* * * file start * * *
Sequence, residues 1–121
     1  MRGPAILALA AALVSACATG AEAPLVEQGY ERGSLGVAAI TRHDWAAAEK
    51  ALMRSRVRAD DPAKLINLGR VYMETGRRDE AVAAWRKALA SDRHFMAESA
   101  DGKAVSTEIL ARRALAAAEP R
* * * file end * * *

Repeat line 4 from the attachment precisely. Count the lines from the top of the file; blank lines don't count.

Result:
   101  DGKAVSTEIL ARRALAAAEP R